Timeshare Exit Strategies

Know Before You Go Away From Your Timeshare!

Important Facts to Know Before You Sell or Cancel

Don't Get Taken By a Timeshares Resale Scam
Beware of upfront fees and "money back guarantees". There are countless Better Business Bureau filings of fraudulent timeshare exit companies taking consumers money and not selling their timeshare. These companies can collect thousands of dollars from consumer in taxes, resort maintenance fees, legal fees, title transfer fees, third-party advertising and promotion fees and closing costs.

Also, if a timeshare reseller is bragging about their sales, ask how much of it is from rentals versus actual timeshare sales. They usually combine their timeshare sales and rental sales together. And be very cautious of unsolicited calls spoofing their phone number and providing a fraudulent address.

If you decide to use your own company, research the company first to make sure they are reputable and licensed. And make sure the license is active.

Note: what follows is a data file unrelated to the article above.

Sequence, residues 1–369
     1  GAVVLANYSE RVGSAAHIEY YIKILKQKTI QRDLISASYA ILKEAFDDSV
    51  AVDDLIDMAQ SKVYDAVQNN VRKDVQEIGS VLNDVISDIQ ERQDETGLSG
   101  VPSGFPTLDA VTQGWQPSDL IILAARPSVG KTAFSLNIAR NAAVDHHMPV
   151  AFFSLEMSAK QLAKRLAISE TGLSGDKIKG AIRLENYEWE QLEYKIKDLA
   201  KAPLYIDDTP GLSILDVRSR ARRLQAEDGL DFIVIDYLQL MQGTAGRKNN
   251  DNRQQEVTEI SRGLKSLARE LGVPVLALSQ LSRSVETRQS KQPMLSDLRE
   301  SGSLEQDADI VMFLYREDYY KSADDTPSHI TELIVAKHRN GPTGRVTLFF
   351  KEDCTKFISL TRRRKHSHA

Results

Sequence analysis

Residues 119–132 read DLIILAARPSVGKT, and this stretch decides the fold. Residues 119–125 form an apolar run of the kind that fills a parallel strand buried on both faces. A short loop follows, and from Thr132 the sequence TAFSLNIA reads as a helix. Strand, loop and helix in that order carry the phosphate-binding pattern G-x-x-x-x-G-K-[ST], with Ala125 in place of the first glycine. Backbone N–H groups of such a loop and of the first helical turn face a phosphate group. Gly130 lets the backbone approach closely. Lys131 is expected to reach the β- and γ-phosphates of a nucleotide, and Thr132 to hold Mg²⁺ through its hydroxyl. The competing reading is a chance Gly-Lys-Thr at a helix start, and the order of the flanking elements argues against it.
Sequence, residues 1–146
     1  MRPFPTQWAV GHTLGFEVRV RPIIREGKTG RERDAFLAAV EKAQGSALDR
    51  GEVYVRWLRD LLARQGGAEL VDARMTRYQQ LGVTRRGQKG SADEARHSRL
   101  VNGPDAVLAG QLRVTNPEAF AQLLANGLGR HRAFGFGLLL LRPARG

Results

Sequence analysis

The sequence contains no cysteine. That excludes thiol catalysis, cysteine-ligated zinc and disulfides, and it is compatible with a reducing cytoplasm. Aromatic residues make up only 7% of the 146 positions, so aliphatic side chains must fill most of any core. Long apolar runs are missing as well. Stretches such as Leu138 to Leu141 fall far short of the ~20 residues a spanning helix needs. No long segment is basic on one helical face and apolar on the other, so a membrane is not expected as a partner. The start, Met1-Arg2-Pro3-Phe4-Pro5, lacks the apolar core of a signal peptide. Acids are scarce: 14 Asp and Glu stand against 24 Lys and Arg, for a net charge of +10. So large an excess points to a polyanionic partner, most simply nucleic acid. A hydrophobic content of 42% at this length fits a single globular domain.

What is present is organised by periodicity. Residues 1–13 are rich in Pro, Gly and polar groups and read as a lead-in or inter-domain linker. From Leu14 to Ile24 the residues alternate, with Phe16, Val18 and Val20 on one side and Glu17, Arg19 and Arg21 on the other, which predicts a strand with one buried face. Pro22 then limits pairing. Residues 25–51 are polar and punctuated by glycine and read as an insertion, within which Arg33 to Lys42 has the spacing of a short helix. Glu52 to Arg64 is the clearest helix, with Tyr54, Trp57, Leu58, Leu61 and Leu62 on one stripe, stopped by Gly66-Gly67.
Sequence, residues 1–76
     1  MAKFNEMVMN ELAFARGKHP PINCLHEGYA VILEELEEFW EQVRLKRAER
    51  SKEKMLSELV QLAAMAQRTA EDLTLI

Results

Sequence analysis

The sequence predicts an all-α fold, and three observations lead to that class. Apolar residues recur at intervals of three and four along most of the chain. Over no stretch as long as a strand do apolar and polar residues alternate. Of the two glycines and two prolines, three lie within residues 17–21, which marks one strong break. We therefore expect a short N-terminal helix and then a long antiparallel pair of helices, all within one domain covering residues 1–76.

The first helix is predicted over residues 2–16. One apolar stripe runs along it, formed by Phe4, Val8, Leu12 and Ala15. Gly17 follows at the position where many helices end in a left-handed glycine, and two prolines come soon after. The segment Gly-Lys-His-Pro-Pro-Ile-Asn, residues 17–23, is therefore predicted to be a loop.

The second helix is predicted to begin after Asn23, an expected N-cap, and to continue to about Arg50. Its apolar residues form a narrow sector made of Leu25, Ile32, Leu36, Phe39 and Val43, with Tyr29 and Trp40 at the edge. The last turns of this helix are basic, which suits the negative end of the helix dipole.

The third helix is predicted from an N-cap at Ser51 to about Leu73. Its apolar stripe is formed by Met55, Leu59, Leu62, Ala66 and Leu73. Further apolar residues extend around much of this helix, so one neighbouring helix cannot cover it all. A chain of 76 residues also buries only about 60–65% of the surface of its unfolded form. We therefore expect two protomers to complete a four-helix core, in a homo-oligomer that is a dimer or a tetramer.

Recent news article: BBB: Company never sells timeshares, charges fees in scam.

Timeshare Exchange Options
Ask Your Developer To Take It Back
Some developers like Wyndham have programs to buy back your timeshare. These programs are based on the discretion of the developer. Ask your Developer if they have a program to help you transition out of your timeshare. They are often safer and more convenient than using a timeshare exit company and paying the additional fees.

There Are No Guarantees With Timeshare Resales
The sale of your timeshare is completely based on the economic principals of supply and demand. Selling your timeshare product will depend on the market and the competition of your product. Remember, timeshares are not meant to be a financial investment. Timeshares were designed to be an investment and commitment to future vacations with your family.

Check Out the Competition - Comparable Products